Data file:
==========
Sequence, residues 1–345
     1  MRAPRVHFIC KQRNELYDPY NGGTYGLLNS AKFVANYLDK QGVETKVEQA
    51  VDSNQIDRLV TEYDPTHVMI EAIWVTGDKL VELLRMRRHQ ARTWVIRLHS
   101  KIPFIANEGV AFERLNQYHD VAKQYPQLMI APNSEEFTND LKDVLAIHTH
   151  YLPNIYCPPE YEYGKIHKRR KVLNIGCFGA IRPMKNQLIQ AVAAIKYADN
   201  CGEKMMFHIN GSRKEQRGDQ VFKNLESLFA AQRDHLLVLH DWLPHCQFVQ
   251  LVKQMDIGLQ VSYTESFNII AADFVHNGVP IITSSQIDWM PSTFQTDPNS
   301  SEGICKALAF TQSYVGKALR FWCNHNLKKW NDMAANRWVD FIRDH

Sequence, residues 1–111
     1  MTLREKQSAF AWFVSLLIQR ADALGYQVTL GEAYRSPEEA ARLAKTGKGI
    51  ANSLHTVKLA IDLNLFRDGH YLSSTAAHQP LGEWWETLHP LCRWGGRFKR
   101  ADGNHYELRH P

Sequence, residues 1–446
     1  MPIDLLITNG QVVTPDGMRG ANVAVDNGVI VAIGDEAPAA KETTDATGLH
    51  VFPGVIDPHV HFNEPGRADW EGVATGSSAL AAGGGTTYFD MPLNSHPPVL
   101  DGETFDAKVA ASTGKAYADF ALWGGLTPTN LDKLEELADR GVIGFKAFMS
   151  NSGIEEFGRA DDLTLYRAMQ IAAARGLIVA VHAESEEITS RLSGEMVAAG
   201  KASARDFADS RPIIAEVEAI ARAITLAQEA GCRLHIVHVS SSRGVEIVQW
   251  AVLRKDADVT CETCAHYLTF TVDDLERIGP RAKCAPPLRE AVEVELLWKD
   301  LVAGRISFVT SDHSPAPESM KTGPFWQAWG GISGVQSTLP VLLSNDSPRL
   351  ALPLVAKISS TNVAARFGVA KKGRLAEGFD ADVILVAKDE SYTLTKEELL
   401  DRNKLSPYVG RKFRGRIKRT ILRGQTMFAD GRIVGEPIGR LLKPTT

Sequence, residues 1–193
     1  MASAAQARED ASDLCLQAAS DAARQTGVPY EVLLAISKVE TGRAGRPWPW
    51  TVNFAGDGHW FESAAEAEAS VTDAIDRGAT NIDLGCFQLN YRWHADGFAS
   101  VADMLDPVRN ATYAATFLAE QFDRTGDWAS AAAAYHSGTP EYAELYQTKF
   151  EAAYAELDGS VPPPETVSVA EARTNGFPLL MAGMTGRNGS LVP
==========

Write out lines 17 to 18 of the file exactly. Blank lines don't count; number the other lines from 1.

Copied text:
   151  NSGIEEFGRA DDLTLYRAMQ IAAARGLIVA VHAESEEITS RLSGEMVAAG
   201  KASARDFADS RPIIAEVEAI ARAITLAQEA GCRLHIVHVS SSRGVEIVQW